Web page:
Dealing with technology? You might be eligible for government funding

SR&ED (Scientific Research & Experimental Development) is an incentive program by the Canadian government that refunds companies involved in Research and Development (R&D). (See the information about the program on the CRA website.) Canadian companies that spend money on creating or modifying products or processes through experimenting are eligible for SR&ED. Any company that deals with technology (software and hardware development, machinery, printing etc.) may qualify. If you created an entirely new industrial process or improved an existing one, if you took a database driver and rewrote it so its performance doubled, if you came up with a fuzzy logic algorithm to facilitate scheduling - all of this may be eligible. Innovation, uncertainties you overcame, and technological advancement are the criteria for eligibility. Even failed experiments may qualify. Non-Canadian owned companies also qualify, if they pay salary in Canada.
The SR&ED program is available to companies involved in Research and Development (R&D). Eligible expenditures include your time, employee and subcontractors labour, materials and equipment. SR&ED money is given as a refund for work already done.
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Moving Beyond “Claim Prep”


This article is by Bruce Madole who kindly agreed to provide some interesting materials related to SR&ED.

As SR&ED Consultants, we owe a duty to our clients to help them develop new capabilities and acquire new knowledge.  I think we need to move beyond simple claim preparation into “process development” and even “training”. Personally, I take on that obligation as a fundamental part of the consultant’s role.
In case you hadn’t noticed, the SR&ED program has become a highly competitive industry. There’s a bit of a “gold rush” mentality about some of this, as people and companies discover the facts about the world’s best R&D tax Incentive program. Quite a few companies promise a “limited impact” interaction with the client – a specified or typical number of hours (per project) spent interviewing the technical staff of a claimant’s company. (Clearly, they’re not promising “true love” in this model of transaction.)
While a devotion to minimal impact and “only the necessary” interaction may yield a quick turnaround on the claim preparation, it offers nothing (or very little) in the area of value-added services like process development, for example.  The client may claim successfully without learning very much about how and why that claim succeeded, or how to leverage that experience for future successes or better claims in the future. Where’s the residue of knowledge gained?
There may well be some clients who really, really don’t want to be bothered about learning to maximize their SR&ED opportunities, and who would be content to pay someone else, indefinitely, for the support of an annual claims process they have no desire to understand, augment or support. Particularly when the use of a contingency fee limits their financial risk, and competitive pressures keep eroding contingency margins.  Presumably, such clients are doing very well, and are not greatly interested in pursuing strategic opportunities for bottom-line gains – these clients don’t just think they’re winning, they are confident they’ve already won.  They’ve mastered their marketplace, and want nothing more from the SR&ED program than a convenient, low-effort tax break.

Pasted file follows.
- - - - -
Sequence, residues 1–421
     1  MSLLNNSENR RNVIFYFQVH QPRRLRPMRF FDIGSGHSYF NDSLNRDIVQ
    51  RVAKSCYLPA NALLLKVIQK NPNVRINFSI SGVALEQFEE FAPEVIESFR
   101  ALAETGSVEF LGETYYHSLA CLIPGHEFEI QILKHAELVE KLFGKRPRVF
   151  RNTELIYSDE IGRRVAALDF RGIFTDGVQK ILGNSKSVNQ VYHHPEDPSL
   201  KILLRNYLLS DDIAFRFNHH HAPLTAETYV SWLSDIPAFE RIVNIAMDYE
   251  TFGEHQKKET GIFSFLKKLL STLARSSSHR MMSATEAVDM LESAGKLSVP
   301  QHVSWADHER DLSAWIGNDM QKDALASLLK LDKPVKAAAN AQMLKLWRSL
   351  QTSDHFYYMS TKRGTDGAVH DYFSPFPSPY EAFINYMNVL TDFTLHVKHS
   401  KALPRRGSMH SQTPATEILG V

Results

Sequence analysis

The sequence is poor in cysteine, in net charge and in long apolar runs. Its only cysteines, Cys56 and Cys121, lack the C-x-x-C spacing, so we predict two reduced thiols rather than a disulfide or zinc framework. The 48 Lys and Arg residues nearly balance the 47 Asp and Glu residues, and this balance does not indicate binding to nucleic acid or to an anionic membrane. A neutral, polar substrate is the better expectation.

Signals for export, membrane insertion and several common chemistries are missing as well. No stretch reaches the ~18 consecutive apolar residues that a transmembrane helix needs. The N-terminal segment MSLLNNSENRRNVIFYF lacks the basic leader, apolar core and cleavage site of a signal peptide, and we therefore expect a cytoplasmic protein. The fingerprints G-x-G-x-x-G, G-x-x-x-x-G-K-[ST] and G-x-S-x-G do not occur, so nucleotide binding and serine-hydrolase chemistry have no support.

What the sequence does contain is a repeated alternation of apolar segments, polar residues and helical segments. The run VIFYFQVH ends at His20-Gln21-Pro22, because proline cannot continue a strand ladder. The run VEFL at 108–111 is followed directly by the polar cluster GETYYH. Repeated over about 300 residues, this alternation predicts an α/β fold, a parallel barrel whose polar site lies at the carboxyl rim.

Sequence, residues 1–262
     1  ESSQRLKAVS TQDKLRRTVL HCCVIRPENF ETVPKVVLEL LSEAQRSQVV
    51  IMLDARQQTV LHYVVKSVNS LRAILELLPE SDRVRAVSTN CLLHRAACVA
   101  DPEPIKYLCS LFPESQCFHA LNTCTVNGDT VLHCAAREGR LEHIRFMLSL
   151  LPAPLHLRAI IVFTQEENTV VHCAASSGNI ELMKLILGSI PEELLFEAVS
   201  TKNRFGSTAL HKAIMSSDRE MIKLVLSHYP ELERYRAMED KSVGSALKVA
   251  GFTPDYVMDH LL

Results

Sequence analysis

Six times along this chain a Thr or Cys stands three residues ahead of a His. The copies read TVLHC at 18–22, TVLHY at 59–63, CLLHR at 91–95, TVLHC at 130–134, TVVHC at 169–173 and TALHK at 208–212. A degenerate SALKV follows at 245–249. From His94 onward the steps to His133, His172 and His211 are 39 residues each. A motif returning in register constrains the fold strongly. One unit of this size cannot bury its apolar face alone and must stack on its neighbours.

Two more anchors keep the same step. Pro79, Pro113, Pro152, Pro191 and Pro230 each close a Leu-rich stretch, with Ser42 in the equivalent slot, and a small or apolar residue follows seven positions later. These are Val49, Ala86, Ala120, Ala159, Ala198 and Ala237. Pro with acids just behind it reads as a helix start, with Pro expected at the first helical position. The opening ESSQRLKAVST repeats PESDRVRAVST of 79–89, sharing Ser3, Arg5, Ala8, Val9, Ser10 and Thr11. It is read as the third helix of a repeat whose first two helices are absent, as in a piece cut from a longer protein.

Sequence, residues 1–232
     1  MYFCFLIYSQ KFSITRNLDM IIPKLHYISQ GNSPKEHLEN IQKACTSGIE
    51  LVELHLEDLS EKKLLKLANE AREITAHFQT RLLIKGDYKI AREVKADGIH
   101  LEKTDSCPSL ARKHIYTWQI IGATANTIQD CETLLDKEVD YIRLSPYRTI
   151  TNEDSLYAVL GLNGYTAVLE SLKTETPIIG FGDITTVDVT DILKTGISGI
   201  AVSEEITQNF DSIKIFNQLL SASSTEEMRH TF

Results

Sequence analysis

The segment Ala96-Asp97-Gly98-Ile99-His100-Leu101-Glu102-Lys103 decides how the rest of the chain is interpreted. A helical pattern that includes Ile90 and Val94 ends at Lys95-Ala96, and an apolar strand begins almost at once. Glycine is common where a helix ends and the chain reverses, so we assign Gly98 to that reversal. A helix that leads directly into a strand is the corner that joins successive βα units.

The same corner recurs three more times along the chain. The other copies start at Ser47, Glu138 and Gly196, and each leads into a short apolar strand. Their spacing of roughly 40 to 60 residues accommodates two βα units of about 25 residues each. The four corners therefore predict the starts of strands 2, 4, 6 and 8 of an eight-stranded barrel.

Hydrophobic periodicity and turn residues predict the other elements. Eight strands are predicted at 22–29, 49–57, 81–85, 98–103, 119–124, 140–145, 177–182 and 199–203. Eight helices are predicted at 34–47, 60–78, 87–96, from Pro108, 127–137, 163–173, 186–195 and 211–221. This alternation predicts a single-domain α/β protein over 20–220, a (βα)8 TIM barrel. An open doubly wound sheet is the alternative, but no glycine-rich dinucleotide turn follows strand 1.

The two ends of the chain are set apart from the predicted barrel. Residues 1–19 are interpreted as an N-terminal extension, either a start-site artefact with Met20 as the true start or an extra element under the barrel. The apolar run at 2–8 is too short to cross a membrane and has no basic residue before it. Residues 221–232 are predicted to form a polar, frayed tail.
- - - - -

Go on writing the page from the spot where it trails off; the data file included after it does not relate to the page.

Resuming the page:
Other clients are more hungry, more alert to the impact of their profit margins, and more willing to seek out and develop internal capabilities and processes if the return goes straight to the bottom line.  They’re not necessarily grateful to a consultant who proposes to keep them perpetually dependent on consulting services, when they could be learning things that will, at minimum, help them to take better advantage of those services.  Sure, they may eventually stop needing me and “grow their own wings”, taking on the process of identifying and claiming SR&ED, internally.
That’s a risk, but it’s also a selling point for reputable and professional consulting services. You know… services that are designed to serve and to benefit the client, both short and long-term.
Moving beyond claim preparation involves more work for everyone… for the client as well as for the consultant, and it should be undertaken only with a full understanding of the scope and  impact of an expanded engagement, as well as its potential benefits.  Everybody needs to be fully informed, and understand why it may be desirable to do it. Certainly, a broader engagement involves considerably more risk for the consultant, for the reasons already mentioned, i.e., the client may eventually not need you, or not need you as much.  That’s definitely a risk… and there are good business reasons to do it. Personally, I find it satisfying when a client reports that they can now handle things “just fine” on their own.  Always a bit sad, but satisfying.
Every spring, and every fall, the skies are full of birds that left the nest and flew away on their own. I see nothing to be gained in trying to prevent that from happening.

Bruce Madole

Other articles by Bruce Madole in SRED Unlimited blog